I Feel It in My Bones


Rohde Photo


(As seen on Fox 2 Detroit “The Ladies Room”)

We wake up in the morning, get out of bed, and start walking... Can you imagine how we could do that without our skeleton?  Some might think of our bones as "sculpted" from stone or wood, but they actually are living tissue, constantly being remodeled!


Monday, October 20, 2008 was “World Osteoporosis Day,” which, according to the American Academy of Orthopaedic Surgeons, launches a two-year initiative to mobilize public opinion to generate change in osteoporosis health care policy!


What is Osteoporosis? Bone continuously is absorbed and deposited by cells in your body called osteoblasts and osteoclasts.  These cells are triggered to act based on the amount of calcium, vitamin D, and parathyroid hormone in the blood.  If too much calcium is absorbed, the bones become weaker.  When bones weaken, they are susceptible to fracture (break).  More than 1.5 million fractures each year are linked to osteoporosis, or porous bone!


Who Gets Osteoporosis? If you think you are immune, read on!  Believe it or not, we all begin to lose bone mass around age 35.  It is estimated that ten million people in the U.S. have osteoporosis and 18 million are at risk; 80% of those are women.


Why Do Women Get Osteoporosis More Than Men? Women ultimately lose more bone than men; the greatest rate of bone loss is during the postmenopausal period, when estrogen levels are low.  Estrogen helps to maintain bone density.  Other than low estrogen, several other factors related to osteoporosis include: aging, genetics, race (those of Asian and Caucasian ancestry are more at risk than African American and Hispanic origin), smoking, excessive alcohol intake, physical inactivity, and excessive cortisone or thyroid hormone.  This is not to imply that male osteoporosis does not exist; this condition in men has been gaining recognition.


What Happens If I Get Osteoporosis? Every year, 1.5 million fractures related to osteoporosis are diagnosed, including 350,000 hip fractures.  Fractures of the wrist, hip, and spine--sites of the greatest amount of bone loss--are most common as we age.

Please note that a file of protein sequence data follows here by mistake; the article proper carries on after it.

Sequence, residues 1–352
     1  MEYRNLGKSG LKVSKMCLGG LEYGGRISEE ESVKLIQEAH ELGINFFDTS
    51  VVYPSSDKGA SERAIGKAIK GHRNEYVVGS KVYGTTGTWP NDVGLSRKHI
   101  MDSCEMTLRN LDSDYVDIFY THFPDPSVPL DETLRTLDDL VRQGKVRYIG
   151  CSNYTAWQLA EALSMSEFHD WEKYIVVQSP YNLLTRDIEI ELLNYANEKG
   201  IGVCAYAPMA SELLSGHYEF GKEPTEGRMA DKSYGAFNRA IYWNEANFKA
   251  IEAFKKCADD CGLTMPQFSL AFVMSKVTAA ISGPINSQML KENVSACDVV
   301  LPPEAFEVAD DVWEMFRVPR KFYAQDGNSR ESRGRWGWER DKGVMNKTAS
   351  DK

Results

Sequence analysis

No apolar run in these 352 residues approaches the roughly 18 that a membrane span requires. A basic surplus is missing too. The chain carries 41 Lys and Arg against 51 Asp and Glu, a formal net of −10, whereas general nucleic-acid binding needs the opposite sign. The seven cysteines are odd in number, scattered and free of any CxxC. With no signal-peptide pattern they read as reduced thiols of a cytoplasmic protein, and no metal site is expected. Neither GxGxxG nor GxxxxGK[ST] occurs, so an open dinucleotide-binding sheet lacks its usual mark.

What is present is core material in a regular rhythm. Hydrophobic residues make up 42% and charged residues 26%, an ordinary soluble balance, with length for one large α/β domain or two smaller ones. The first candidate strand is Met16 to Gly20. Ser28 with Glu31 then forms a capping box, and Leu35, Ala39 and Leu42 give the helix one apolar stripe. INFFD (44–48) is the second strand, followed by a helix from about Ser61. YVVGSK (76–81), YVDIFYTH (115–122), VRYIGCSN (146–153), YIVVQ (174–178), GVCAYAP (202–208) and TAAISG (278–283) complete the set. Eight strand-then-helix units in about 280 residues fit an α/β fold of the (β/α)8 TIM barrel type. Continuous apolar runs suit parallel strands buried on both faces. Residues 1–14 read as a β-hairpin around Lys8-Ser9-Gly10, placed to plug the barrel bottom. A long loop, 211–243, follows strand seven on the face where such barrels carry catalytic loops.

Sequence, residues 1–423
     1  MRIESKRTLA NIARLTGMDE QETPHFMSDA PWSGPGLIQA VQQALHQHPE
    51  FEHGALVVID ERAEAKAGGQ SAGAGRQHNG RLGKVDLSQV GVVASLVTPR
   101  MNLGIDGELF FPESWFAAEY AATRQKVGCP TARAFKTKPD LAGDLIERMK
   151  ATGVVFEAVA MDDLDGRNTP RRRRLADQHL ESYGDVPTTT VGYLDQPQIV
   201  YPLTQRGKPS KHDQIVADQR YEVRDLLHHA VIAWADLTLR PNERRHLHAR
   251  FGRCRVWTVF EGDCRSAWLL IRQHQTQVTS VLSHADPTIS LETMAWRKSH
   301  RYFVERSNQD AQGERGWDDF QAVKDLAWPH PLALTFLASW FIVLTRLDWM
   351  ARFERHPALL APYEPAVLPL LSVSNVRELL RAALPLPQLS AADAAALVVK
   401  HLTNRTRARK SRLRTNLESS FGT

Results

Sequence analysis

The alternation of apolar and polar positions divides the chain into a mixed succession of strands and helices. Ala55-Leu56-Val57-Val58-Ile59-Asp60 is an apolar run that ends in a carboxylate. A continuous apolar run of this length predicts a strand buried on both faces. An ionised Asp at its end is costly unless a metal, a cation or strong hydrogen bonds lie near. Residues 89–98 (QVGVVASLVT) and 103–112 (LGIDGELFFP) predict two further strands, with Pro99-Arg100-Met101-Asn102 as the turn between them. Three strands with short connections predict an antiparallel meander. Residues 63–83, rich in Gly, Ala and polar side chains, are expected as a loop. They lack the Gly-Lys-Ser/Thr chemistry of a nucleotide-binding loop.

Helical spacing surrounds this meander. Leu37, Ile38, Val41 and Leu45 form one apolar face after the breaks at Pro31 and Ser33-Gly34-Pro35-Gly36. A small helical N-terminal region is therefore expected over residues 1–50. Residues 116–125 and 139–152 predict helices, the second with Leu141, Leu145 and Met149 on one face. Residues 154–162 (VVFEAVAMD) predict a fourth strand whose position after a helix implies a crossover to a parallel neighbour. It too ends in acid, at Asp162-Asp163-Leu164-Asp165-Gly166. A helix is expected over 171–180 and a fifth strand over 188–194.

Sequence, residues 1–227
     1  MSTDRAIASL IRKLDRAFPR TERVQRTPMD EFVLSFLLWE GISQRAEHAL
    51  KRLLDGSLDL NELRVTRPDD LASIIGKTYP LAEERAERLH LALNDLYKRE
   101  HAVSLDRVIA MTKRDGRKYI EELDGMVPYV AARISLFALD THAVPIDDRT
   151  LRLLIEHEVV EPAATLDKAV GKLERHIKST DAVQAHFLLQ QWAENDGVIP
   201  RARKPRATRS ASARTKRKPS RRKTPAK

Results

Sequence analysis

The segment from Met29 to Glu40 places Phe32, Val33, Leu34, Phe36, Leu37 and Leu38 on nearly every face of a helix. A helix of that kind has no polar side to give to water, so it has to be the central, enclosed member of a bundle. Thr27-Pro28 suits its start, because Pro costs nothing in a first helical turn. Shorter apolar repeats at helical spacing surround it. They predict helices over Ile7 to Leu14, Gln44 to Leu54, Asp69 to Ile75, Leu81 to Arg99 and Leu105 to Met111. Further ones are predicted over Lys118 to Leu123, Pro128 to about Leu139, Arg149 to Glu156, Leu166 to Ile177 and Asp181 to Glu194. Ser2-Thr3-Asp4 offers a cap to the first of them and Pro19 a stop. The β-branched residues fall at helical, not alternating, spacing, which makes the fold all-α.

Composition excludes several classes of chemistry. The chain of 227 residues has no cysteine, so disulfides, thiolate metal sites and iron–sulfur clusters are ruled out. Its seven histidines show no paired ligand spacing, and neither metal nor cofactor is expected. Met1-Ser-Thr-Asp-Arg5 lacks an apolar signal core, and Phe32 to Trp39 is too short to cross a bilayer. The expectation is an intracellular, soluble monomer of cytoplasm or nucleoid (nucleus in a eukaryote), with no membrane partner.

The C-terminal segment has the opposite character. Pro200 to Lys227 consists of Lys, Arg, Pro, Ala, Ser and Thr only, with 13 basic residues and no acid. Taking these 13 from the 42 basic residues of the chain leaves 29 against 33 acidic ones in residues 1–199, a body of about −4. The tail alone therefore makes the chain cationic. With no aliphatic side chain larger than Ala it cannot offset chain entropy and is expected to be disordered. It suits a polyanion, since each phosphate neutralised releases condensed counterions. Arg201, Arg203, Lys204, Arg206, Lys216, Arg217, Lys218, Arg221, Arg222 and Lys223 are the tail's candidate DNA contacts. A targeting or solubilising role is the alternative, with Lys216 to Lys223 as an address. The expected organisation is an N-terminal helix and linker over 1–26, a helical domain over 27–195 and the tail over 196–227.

How Can I Prevent Osteoporosis? Although we haven't quite figured out how to change aging or genetics (!), the good news is that there are several causes on the list that we can control!


1. IT'S TIME TO QUIT SMOKING!  You have heard about the effect of cigarette smoking on your heart and lungs, but did you know it is destroying your bones, too?  If you ever have considered this, now is the time... your body deserves the best!  Talk to your doctor about how to make this positive change.


2. "Everything in moderation."  True, there are advantageous effects of alcohol on your health when consumed in moderation.  However, excessive intake is detrimental to multiple organ systems, including your skeleton.


3. Remember that promise that you made to yourself to exercise?  A regular fitness program benefits your whole body, and load-bearing exercise (weightbearing...meaning jogging, walking, dancing, etc. 3-4 hours per week) can increase your bone density dramatically!


4. Remember that promise that you made to yourself to eat right, too?  Make sure that you are eating nutritious meals, specifically getting enough calcium and vitamin D!  You need to give your body 1,000 mg of calcium each day, whether through dairy products or green leafy vegetables.  The active form of vitamin D that is needed to maintain healthy bone is increased by sun exposure; however, if your life doesn’t involve much sun exposure, you might benefit from supplemental vitamin D.


5. Time for your physical exam?  See your doctor and ask whether your hormone levels should be checked.  There are ways to change levels that are "out of whack" so that your bones (and the rest of you) don't suffer.  After menopause, you can lose 1 to 6 percent of your bone per year; ask your doctor whether you should have your bone density checked.

How Can I Help My Kids Prevent This from Happening to Them?


1. Between the ages of 10 and 20, we need 1,300 mg of calcium every day. Calcium can be found in milk (three 8 ounce glasses a day!), cheese, yogurt, or green leafy vegetables.


2. A young woman who has not started menstruating by age 16 or who has started but whose cycle has changed should talk to her doctor; circulating estrogen is necessary for bone health.  Proper nutrition, exercise, and general health maintenance will help prevent injury and allow your bones to carry you as far as you want to go!



Dr. Rachel Rohde is an orthopedic surgeon who specializes in treatment of musculoskeletal conditions of the upper extremities including the shoulder, elbow, wrist and hand. A native of Michigan, she completed her training at Harvard Medical School, the University of Pittsburgh Medical Center, and Hospital for Special Surgery in New York City. She has published and presented her research at national and international conferences and recently authored a text, Acute Management of Hand Injuries. She is on staff at Beaumont Hospital in Royal Oak and is a partner in the Michigan Orthopaedic Institute.